In 2013, on the floor of the Senate, Cruz directly compared the fight against Obamacare to the fight against... Nazi Germany, accusing those who wouldn't join his vanity filibuster to defund it to Chamberlain-style appeasement.

thehill.com/blogs/floor-ac…

2/
He didn't call Obama a Nazi, or call the critics of his vanity filibuster Nazi sympathizers, but it was as close to a Nazi comparison as Biden's was, prompting no less than John McCain to take exception.

csmonitor.com/USA/Politics/D…

3/
Read 4 tweets
9 Jan
“Better late than never” is usually true— and yet late is still *late,* not on time.

Everyone who is starting *now* to break with Trump, resign from his administration, enforce rules against him, or distance themselves from the Cruz-Hawley insurrection caucus is late.
1/
It’s really very important that there be more to the Republican Party going forward than the Trump family and the Cruz-Hawley insurrection caucus.

It’s much, much better that McConnell made the speech he did than if he had joined the insurrection caucus.
2/
It’s better that the insincere opportunists like Nikki Haley and Lindsey Graham are starting to signal “the winds are pointing in a non-Trumpy direction now. The path for opportunists does not lie with Trump, Trump Jr, or insurrection.
3/
Read 10 tweets
7 Jan
I think I've revised my 25th Amendment view.

I still think that impeachment with a bar to future office-holding is preferable, and that this isn't really the kind of problem 25A is for, but...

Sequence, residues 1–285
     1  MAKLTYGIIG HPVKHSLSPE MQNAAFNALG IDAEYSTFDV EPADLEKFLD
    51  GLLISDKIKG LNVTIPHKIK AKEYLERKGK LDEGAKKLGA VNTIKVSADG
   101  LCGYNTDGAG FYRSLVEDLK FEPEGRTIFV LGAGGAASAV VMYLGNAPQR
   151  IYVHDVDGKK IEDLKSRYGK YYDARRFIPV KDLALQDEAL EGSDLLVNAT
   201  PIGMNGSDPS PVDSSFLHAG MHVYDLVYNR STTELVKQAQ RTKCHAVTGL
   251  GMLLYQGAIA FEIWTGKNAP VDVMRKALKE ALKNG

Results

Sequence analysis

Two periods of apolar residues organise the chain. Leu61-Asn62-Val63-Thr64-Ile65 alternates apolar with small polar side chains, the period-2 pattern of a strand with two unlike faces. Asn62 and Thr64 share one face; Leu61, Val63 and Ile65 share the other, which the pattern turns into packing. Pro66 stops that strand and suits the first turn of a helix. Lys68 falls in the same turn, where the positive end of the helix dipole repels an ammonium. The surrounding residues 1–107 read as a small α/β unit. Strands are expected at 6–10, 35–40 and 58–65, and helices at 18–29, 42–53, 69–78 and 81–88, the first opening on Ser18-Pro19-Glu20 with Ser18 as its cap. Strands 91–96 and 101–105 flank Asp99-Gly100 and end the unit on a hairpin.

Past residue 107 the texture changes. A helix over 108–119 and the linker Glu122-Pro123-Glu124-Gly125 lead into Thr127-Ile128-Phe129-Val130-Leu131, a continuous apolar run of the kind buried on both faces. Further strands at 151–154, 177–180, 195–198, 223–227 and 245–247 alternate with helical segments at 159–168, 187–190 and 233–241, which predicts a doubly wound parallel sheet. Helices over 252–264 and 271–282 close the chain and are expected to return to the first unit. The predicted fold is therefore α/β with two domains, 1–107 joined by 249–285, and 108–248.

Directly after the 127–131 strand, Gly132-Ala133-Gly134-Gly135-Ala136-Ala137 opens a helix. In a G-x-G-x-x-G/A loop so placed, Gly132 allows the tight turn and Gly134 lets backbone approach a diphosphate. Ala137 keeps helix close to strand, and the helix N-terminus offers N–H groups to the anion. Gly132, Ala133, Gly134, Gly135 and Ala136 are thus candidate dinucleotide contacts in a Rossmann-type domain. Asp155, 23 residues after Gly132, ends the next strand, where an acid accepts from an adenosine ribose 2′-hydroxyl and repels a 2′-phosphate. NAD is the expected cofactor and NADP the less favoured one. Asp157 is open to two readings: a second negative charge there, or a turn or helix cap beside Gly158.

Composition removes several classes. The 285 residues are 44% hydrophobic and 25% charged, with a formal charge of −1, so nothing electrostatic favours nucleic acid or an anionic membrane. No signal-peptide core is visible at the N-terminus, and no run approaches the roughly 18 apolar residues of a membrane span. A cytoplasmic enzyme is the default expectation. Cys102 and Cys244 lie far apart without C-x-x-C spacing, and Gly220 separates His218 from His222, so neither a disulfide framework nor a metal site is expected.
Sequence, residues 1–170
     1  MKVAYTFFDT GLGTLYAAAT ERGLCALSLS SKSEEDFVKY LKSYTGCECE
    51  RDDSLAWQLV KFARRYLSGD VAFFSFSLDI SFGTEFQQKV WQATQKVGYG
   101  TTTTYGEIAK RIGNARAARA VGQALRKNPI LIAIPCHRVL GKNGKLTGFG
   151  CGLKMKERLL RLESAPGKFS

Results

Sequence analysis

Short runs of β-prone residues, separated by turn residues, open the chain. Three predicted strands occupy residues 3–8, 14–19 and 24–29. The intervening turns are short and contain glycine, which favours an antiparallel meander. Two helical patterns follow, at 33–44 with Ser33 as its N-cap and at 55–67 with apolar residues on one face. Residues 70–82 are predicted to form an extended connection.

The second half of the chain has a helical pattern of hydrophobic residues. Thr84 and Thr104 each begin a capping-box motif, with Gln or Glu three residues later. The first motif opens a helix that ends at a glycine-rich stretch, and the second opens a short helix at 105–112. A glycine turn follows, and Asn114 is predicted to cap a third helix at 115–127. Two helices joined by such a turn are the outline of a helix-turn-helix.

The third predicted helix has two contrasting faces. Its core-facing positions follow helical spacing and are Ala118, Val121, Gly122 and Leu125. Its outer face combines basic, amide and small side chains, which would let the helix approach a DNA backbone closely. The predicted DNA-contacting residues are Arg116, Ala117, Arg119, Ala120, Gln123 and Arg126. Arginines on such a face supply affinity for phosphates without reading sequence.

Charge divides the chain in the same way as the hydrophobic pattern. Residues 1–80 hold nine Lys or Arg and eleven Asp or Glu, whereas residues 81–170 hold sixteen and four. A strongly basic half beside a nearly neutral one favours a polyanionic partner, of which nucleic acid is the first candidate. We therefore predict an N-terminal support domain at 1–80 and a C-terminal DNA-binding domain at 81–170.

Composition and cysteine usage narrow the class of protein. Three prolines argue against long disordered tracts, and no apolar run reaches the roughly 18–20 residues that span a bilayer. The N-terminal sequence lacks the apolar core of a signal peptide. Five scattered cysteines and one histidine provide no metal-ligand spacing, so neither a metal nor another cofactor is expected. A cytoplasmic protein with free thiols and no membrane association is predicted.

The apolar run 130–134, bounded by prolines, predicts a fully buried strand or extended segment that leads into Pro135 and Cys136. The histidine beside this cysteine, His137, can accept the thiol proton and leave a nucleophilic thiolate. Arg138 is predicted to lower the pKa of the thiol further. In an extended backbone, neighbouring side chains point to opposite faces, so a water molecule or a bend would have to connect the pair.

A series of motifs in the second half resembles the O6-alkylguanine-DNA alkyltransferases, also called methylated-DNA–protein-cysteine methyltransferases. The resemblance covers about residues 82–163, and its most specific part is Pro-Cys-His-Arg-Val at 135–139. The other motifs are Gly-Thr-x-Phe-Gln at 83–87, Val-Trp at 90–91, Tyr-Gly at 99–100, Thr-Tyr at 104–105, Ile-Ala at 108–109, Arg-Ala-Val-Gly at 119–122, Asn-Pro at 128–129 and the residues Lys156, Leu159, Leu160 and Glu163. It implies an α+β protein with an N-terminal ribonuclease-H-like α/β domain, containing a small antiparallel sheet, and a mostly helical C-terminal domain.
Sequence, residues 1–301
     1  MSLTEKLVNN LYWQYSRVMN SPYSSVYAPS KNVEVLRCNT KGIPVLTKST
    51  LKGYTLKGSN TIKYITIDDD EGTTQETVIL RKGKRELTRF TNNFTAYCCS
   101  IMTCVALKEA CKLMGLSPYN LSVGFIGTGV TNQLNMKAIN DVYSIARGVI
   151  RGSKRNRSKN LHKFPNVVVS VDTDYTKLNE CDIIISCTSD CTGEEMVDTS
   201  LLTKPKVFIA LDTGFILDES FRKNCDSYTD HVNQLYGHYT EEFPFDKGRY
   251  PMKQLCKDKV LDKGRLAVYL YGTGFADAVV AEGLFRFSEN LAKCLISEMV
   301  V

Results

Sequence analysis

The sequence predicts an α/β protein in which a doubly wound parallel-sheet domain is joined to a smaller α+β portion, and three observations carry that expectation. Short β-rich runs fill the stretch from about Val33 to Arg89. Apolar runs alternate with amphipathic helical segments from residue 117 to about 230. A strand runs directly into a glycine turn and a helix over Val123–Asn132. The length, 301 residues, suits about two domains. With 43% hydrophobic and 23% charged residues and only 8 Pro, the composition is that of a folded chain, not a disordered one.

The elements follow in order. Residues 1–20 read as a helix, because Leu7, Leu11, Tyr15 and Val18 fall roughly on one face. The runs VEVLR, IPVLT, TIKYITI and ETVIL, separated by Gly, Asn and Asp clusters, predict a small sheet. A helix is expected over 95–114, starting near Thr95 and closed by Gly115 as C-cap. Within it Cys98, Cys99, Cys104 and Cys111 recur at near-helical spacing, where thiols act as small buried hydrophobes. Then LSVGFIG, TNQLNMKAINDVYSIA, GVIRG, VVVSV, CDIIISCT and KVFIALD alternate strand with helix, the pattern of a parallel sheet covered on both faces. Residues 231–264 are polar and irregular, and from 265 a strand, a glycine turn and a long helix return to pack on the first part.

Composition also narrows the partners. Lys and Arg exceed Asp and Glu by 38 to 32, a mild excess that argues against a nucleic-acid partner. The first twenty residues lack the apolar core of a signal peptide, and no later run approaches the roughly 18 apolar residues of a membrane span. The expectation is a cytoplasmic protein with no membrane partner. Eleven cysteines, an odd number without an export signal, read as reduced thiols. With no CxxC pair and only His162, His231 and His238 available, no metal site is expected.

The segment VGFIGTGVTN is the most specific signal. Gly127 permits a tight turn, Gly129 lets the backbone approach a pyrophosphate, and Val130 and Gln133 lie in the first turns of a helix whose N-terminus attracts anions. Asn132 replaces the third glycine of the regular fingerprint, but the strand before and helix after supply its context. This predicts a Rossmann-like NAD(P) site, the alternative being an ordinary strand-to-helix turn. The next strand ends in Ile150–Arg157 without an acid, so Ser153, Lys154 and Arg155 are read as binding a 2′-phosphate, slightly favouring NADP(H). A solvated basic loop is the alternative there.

@AeonSkoble @knowledgeprob
when I think about Trump's state of mind yesterday... I don't think he planned or intended for the mob to do what he did. I don't think he *opposed* it, or *cared,* but I also don't think he planned or intended it. Because I don't think he thinks in terms of consequences at all.
He just... does stuff. Whatever he feels like, to make himself feel like a winner and a tough guy.

Since, pace @dandrezner , he's never going to grow out of that, it's a genuine incapacity.
Read 6 tweets
5 Jan
My favorite reading of 2020 was the accidental pairing of Noel Malcolm's Useful Enemies: Islam and the Ottoman Empire in Western Political Thought, 1450-1750 (OUP), and Mitchell Cohen, The Politics of Opera: A History from Monteverdi to Mozart (PUP.)
There are points of intersection-- Abduction From The Seraglio is, among other things, an important piece of the 18th-century shift in European perceptions of and interest in the Ottoman/ Muslim worlds-- but mostly...
they're just two different big, ambitious, paths through early modern European political and intellectual history, and reading them both in proximity to each other enriched what I learned from each.
Read 4 tweets
4 Jan
This shared bit of reasoning from Cotton (left) and the GOP House members (right) is interesting. On the one hand, it's silly: it turns an objection to Trump stealing the election into a complaint about Democrats or the "left." On the other hand...

1/ ImageImage
it shows an awareness that's mostly been absent from the last 4 years (5, if we count McConnell/ Garland) that Calvinball isn't a stable equilibrium, that procedural changes set new procedural precedents and will go on applying when the other side in power.
2/
That recognition has become so rare from Trumpists like Cotton that it's actually startling to see. (The House members aren't as slavishly MAGA as Cotton is.)

The recognition is also the bare beginning of the possibility of rule-governed politics, and, thus, welcome.
3/
Read 7 tweets